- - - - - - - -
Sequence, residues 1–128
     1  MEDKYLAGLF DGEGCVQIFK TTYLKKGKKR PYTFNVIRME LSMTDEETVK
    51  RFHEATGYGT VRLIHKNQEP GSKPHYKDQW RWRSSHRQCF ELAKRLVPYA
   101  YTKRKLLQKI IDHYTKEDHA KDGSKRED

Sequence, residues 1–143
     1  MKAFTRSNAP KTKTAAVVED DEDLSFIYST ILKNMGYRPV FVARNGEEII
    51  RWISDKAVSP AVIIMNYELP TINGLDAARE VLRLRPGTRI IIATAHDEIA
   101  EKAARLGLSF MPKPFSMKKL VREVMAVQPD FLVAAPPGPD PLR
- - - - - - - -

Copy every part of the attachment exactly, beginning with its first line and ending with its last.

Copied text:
Sequence, residues 1–128
     1  MEDKYLAGLF DGEGCVQIFK TTYLKKGKKR PYTFNVIRME LSMTDEETVK
    51  RFHEATGYGT VRLIHKNQEP GSKPHYKDQW RWRSSHRQCF ELAKRLVPYA
   101  YTKRKLLQKI IDHYTKEDHA KDGSKRED

Sequence, residues 1–143
     1  MKAFTRSNAP KTKTAAVVED DEDLSFIYST ILKNMGYRPV FVARNGEEII
    51  RWISDKAVSP AVIIMNYELP TINGLDAARE VLRLRPGTRI IIATAHDEIA
   101  EKAARLGLSF MPKPFSMKKL VREVMAVQPD FLVAAPPGPD PLR